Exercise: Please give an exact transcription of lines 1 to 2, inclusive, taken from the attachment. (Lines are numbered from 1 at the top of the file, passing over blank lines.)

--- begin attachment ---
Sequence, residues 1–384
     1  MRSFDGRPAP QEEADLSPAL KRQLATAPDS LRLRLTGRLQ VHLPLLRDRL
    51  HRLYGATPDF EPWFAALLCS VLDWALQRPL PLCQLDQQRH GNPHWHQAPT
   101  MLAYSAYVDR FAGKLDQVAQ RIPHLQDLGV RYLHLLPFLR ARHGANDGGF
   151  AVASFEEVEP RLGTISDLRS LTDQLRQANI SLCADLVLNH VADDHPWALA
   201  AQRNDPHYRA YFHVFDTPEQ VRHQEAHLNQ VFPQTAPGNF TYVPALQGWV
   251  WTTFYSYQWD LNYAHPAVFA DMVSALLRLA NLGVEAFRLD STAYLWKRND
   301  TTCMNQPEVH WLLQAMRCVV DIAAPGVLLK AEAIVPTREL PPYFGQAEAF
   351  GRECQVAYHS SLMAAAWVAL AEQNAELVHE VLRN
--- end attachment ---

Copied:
Sequence, residues 1–384
     1  MRSFDGRPAP QEEADLSPAL KRQLATAPDS LRLRLTGRLQ VHLPLLRDRL